In 2016 alone, hackers have taken over $1 Billion in the form of ransoms from users trying to retrieve their files after being infected with ransomware.
We know ransomware is one of the biggest threats facing organizations today but the security industry has traditionally struggled to keep up with this sophisticated, ever-changing attack. Until now.
Deploying a range of innovative next-gen technologies to block all kinds of advanced attacks, Sophos Intercept X is designed to stop ransomware in its tracks. It gives you comprehensive protection from rootkits, zero-day vulnerabilities, malicious traffic, and everything in-between.
Microsoft has now mapped out the future for the Enhanced Mitigation Experience Toolkit (EMET) in part one and it looks pretty bleak. The advice given to EMET users was also a little vague: Upgrade to Windows 10. It’s a more secure operating system.
Although that’s true, it doesn’t cover everything that EMET does for you. Over on the CERT/CC blog, Will Dormann provides an excellent post about why Windows 10 can’t protect insecure applications like EMET can. The table seen in Dormann’s post highlights the protection available with and without EMET on Windows 7 and Windows 10. As you’ll see, Windows without EMET looks a little risky.
Sophos responds to the requirements of the new Investigatory Powers Act, which has just become law in the UK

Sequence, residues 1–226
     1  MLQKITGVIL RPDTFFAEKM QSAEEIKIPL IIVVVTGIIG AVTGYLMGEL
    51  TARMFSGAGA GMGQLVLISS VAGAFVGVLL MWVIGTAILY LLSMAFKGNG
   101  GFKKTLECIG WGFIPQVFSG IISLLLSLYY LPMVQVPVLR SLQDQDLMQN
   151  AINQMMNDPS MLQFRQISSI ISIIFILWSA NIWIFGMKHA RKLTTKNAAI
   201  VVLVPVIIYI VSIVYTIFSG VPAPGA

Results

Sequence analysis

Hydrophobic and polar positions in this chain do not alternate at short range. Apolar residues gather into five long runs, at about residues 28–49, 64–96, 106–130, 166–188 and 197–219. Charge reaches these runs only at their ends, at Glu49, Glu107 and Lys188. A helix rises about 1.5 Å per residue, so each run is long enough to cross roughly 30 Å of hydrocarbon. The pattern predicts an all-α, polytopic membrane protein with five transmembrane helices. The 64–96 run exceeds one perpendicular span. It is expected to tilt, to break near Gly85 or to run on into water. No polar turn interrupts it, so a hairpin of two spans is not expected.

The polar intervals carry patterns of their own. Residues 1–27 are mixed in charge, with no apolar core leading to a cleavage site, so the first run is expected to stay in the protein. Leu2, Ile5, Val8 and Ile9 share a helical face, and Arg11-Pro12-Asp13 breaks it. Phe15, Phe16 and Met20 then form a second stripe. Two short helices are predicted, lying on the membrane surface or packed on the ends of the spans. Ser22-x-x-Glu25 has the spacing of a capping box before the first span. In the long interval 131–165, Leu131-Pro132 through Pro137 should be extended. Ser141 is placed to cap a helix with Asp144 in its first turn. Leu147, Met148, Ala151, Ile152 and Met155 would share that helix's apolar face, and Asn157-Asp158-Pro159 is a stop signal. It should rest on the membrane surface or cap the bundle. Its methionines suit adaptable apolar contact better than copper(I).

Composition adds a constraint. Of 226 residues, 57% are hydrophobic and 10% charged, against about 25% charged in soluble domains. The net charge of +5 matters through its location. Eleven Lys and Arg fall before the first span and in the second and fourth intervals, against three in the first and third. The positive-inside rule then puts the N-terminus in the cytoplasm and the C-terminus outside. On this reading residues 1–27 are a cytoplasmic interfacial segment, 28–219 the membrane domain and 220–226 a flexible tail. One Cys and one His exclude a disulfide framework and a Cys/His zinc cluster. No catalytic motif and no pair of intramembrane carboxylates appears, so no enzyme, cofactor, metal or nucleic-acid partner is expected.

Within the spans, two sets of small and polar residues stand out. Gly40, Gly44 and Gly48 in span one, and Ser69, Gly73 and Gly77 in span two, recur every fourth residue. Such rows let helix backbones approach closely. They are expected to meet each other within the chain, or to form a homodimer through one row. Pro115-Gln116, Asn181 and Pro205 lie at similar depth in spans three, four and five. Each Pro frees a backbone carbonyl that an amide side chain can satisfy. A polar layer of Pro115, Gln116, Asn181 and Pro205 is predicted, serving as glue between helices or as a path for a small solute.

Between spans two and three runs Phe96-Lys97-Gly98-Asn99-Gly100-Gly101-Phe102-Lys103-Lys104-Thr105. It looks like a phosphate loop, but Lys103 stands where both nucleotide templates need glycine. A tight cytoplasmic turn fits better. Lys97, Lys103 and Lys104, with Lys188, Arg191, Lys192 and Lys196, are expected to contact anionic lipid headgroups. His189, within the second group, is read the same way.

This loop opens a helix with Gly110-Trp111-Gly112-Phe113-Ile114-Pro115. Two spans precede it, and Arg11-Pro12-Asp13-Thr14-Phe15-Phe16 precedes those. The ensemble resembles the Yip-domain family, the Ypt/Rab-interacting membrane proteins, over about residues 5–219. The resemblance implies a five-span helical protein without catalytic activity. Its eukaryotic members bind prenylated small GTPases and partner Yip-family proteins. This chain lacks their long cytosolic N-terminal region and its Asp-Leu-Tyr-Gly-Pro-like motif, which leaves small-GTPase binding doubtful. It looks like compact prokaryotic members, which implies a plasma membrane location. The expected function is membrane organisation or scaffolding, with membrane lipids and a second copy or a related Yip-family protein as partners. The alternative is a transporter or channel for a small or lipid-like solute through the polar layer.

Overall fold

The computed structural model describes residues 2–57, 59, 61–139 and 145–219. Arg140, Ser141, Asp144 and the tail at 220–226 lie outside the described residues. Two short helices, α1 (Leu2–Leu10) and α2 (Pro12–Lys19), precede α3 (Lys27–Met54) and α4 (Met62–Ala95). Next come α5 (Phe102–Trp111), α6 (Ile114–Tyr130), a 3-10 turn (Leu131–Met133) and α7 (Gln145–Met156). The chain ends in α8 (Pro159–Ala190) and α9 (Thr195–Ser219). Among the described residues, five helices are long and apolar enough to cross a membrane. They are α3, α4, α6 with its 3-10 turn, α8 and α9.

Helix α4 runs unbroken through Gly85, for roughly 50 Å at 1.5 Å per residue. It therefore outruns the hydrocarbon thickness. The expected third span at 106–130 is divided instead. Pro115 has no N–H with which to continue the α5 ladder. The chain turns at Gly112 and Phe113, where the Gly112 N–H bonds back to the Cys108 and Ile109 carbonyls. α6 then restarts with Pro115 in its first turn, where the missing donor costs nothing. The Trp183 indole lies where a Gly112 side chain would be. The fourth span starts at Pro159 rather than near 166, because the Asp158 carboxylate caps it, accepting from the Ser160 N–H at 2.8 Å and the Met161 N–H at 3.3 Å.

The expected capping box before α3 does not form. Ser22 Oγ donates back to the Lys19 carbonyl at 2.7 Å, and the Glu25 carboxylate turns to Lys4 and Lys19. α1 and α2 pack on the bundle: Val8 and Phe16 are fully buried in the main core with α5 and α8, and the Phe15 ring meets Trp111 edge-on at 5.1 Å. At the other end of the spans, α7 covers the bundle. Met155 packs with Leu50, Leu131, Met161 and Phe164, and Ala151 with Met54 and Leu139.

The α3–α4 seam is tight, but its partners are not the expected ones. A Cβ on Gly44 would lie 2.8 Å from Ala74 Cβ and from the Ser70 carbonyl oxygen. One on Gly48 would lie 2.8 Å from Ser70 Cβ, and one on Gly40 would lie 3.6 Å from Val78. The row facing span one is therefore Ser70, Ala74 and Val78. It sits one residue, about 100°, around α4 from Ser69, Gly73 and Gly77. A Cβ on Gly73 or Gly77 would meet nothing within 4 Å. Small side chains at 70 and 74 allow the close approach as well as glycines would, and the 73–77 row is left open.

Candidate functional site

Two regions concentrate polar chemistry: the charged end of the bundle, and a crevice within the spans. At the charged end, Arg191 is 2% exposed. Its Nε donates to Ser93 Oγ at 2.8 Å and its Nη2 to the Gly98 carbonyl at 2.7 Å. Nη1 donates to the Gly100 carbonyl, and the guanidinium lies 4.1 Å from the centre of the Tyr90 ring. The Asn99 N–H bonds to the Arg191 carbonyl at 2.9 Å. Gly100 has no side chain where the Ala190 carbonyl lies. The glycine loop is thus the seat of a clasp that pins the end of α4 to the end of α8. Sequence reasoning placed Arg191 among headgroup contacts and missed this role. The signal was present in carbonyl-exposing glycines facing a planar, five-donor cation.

Ransomware has the potential to cause massive disruption to an organization’s productivity. So it’s vital to understand how to build the best possible defense against it.
The producers of ransomware aren’t just idly waiting for their bit of malware to hit its target. They work in professional teams, constantly updating and enhancing new variants of ransomware – and if you’re caught, the consequences can be severe.
Sophos Central has integrated many of the products a business needs to stay secure. However, we realize that many organizations have products from multiple vendors and leverage a SIEM (security information and event management) to try to make sense of all the security events produced by all those disparate products. With data flowing fast, IT teams face a big challenge when it comes to maintaining some semblance of coherent visibility into the vast amounts of information they’re constantly receiving from all their different vendor products.